More complaints have also surfaced with respect to noise pollution, especially at night. Apart from the booming bass blaring out of the night clubs, people have been soliciting tourists out in the streets, enticing them to visit their shops, nightclubs and restaurants.

    The soliciting of business is a nuisance for visitors, but authorities have been unable to stamp out this practice.

    Asked whether she had received any response from the government so far, Pericleous said that some officials have at least made preliminary calls about the possibility of amending the law.

    "We have nothing positive or negative," she said. Nevertheless, the mayor remains optimistic: "I will wait. I believe together we will find a proper way to use the beaches."

    [05] Two held after helping retrieve stolen goods

    By Staff reporter

    TWO MEN were remanded in custody for four days yesterday in connection with a case of burglary.

    The accused had helped a burglary victim buy back items that had been stolen from his house, before being arrested in connection with the burglary.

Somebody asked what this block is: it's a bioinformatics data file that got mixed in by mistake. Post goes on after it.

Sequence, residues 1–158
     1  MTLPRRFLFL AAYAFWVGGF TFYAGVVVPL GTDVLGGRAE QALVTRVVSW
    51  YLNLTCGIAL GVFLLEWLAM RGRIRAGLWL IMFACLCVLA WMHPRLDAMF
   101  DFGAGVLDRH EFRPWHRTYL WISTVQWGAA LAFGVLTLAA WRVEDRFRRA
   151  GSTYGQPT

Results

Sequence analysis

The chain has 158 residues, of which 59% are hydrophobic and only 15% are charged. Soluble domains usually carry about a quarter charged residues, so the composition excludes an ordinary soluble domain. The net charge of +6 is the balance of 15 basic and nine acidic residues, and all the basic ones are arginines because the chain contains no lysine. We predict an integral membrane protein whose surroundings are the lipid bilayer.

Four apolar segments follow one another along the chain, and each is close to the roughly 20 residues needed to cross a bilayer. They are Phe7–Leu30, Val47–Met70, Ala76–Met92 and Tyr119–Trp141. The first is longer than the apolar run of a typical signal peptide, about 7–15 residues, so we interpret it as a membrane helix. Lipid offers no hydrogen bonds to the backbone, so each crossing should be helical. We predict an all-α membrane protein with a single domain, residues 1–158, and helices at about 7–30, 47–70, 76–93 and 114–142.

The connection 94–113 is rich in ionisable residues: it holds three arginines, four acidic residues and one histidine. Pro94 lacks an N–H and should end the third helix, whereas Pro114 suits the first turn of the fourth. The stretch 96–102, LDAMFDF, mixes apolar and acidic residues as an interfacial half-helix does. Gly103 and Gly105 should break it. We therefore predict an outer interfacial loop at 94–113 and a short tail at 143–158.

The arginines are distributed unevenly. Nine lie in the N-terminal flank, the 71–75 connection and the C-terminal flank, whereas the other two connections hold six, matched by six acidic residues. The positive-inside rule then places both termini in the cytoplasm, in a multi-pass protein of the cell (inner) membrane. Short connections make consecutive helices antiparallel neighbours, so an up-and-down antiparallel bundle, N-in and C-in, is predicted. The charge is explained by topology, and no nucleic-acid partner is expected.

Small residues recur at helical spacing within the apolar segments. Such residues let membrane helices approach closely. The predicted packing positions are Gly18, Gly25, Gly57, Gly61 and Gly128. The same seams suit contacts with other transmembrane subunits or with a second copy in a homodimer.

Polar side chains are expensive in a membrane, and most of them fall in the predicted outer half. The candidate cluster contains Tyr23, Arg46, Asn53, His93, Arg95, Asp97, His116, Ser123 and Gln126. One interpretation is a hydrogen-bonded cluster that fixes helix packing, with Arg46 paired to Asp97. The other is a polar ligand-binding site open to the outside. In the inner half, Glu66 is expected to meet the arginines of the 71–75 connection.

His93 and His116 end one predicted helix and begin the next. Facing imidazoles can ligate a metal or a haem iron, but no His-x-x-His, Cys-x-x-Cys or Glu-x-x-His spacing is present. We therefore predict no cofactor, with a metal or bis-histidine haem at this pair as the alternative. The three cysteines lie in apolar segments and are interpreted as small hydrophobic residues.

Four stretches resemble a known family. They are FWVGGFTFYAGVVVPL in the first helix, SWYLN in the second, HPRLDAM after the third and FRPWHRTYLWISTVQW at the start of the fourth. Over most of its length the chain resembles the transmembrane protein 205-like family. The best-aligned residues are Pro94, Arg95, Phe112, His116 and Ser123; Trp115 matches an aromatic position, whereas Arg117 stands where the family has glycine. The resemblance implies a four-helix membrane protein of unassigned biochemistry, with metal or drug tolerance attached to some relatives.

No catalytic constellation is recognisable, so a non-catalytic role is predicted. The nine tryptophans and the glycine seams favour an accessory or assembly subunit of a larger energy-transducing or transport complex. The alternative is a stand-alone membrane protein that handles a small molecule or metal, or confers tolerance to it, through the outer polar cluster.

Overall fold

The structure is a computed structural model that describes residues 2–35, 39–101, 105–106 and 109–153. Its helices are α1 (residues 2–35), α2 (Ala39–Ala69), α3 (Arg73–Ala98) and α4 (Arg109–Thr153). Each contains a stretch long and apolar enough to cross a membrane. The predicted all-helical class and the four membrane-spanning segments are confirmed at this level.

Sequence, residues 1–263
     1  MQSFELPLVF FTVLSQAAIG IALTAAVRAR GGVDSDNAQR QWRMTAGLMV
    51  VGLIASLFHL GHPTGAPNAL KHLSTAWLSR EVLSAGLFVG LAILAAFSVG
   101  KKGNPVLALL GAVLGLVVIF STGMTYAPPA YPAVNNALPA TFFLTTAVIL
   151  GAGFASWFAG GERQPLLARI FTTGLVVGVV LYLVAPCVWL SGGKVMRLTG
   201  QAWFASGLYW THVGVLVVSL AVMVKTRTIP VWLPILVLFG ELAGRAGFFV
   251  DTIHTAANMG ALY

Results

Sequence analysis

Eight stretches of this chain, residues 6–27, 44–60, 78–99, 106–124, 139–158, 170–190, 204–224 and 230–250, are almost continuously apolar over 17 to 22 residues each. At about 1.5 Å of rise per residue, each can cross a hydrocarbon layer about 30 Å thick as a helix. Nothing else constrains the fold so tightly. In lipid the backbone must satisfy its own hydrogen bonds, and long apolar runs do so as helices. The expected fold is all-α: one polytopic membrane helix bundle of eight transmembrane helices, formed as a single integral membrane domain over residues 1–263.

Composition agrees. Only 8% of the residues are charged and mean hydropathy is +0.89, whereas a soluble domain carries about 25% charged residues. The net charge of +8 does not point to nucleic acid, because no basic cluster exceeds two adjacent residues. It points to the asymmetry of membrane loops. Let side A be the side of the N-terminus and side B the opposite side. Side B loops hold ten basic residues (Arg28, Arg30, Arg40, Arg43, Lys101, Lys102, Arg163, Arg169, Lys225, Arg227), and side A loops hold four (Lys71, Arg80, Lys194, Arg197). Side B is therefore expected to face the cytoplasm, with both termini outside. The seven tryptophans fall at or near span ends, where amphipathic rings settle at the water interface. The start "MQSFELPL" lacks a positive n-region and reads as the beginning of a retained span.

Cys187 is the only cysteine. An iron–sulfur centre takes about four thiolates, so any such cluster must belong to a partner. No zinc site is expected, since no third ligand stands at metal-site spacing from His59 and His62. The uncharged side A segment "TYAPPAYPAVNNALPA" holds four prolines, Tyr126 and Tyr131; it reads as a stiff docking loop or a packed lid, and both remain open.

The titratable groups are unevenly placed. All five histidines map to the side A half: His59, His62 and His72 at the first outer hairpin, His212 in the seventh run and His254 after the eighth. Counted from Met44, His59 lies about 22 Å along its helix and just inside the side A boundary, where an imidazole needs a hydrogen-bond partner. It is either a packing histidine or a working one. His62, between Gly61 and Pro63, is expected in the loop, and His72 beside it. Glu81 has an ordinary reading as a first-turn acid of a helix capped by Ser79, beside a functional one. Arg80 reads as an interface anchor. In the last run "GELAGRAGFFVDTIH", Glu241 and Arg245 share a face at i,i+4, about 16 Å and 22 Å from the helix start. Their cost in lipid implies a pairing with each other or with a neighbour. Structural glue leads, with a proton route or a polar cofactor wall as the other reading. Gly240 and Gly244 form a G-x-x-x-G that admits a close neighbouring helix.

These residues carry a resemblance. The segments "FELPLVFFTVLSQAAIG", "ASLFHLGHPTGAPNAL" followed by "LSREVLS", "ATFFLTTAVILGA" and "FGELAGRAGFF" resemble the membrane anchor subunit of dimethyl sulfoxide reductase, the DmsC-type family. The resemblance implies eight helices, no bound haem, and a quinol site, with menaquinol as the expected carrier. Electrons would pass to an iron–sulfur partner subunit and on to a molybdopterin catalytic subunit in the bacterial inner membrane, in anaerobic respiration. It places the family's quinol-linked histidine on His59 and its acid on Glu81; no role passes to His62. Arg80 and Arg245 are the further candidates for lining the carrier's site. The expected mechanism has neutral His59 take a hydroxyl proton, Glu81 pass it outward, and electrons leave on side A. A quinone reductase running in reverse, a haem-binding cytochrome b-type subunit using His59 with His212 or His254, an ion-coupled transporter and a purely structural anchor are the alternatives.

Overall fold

Christakis Iacovou Andreou from Limassol and Christakis Anthias from Meneou were held in connection with a case of breaking and entering into Panayiotis Hadjiantonis' home on June 27 and stealing his passport, identity card and other personal items.

    According to the investigating officer, Sergeant Mamas Parpas, Hadjiantonis had testified that the two suspects visited him after the burglary had been commited. Anthias allegedly promised Hadjiantonis that he would get to the bottom of the mystery.

    Later that night Anthias and Andreou went to the victim's house and told him his documents were in the hands of a forgerer who was asking for 400 for their return. Hadjiantonis seemed reluctant to pay up, whereupon Anthias turned to Andreou and asked whether the forgerer could be persuaded to accept just 300. Hadjiantonis agreed and gave a downpayment of 120, the rest to be paid on delivery of the stolen items. Andreou returned the documents and on

    July 3, went to ask for the rest of the money. Hadjiantonis refused to pay up, accusing Andreou and Anthias of being the thieves.

    He report the case to the police and the two were arrested. A pair of binoculars that allegedly belonged to those stolen from Hadjiantonis' house were later found in Andreou's car.